Wood,The/C+,B+

Paramount/1999/104/ANA 1.85

    Tracing the growing pains of three African-American teenagers, The Wood alternates between present and past, as two friends try to get their best buddy to the church on time, all the while remembering the origins of their friendship.

Bonding at the dance. ŠParamount

      The Wood  works best when it's looking back. The boys remember the years when sex dominated their every move. Big Mike narrates tales of the Englewood "hood", known as The Wood in local parlance. The kids go through junior high and high school together, looking virtually the same through every period. This makes the time changes a bit confusing. No new ground is broken, but these young men are good kids, looking to stay clean. The "hood" has its bad news toughs, but the focus is more middle class juiced up by perhaps too much profanity.
     The modern tale fails utterly, often displaying bad taste. The truth is,  the filmmakers did not need flashbacks to spice up a possible linear script treatment. The choice comes close to sinking The Wood, but wood floats, and there's enough in the core scenes of this movie to make it enjoyable.
     Omar Epps, Taye Diggs and Richard T. Jones play the trio of friends on the wedding day. Epps is strong as Mike and Jones solid as Slim, but Diggs does some sloppy drunk work as Roland. Sean Nelson, who was wonderful in Fresh, seems all at sea as young Mike. His awkwardness overpowers every other aspect of the character. Duane Finley is one-dimensional as young Slim and Trent J. Cameron is okay as teenage Roland. Malinda Williams makes a pretty picture as the source of Mike's juvenile sexual hunger.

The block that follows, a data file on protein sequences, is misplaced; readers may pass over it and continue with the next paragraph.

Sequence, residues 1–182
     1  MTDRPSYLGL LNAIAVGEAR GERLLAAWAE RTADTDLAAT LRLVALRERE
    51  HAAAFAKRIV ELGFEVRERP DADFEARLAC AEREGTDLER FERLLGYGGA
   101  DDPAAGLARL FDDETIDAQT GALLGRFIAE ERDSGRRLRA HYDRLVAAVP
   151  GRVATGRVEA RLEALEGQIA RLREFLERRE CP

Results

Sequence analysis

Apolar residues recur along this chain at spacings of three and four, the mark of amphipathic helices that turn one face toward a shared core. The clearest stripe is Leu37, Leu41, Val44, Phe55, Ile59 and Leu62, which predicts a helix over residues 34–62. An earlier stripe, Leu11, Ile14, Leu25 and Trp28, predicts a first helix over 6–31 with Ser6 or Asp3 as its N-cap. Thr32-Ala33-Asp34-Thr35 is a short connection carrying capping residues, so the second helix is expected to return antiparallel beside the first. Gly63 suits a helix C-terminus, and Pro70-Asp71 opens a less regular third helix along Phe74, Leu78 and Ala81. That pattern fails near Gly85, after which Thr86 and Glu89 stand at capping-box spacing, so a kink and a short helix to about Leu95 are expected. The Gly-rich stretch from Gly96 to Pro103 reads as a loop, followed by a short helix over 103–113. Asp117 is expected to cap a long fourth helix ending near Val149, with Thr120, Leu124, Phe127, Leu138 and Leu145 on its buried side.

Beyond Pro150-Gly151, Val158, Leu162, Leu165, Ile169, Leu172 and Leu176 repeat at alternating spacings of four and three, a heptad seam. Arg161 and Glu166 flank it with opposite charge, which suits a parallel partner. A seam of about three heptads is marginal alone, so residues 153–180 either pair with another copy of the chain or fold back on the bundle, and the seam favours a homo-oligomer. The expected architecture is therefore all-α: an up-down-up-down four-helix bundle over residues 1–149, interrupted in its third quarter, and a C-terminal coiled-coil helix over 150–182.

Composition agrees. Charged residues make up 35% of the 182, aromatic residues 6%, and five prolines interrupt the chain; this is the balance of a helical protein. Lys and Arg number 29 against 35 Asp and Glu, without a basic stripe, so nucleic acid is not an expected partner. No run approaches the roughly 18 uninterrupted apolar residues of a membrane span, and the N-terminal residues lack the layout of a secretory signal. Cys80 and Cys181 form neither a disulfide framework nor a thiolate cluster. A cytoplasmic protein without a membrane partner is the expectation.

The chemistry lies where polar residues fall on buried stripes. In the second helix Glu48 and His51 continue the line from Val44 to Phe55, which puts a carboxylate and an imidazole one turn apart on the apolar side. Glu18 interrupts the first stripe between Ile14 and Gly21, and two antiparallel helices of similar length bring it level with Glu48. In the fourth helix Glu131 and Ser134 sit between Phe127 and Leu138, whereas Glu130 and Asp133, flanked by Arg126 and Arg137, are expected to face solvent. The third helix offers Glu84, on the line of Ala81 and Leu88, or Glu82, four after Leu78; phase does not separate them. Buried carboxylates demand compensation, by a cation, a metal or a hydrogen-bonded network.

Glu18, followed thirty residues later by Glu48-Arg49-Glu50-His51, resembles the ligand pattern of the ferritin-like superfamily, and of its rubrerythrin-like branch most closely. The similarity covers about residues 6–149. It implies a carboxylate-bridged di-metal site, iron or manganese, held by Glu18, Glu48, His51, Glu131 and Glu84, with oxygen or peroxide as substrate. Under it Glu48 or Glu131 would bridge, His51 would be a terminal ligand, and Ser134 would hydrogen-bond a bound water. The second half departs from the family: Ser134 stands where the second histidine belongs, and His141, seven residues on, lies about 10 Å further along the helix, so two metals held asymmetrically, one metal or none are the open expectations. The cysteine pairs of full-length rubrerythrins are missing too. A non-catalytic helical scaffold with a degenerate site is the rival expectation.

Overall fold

Unfortunately, the young actors do not match up very well with their grown counterparts. Ironically, the mature actors, except for Diggs,  are the most appealing despite poor scripting  and the youngsters, given the better material, are less charismatic. 
     A very good-looking DVD, The Wood gets the anamorphic treatment from Paramount. The resulting detail is excellent with no enhancement artifacts adding noise and extra edges tot he picture. Color rendition is accurate. The light output is outstanding. Contrast range consistently adds pop to the picture. Altogether, a very easy-watching DVD. A few slightly soft scenes bring the DVD presentation down a notch from perfection, but they are hardly noticeable.
    The Dolby Digital 5:1 surround is fine, though the film does not call for an aggressive mix. The rap beat does not overpower the action and provides an accurate, tight, bass. As a reminder, you need to select Dolby Digital 5:1 under the audio options if that's your preference since Paramount defaults to the Dolby Matrixed tracks.

 

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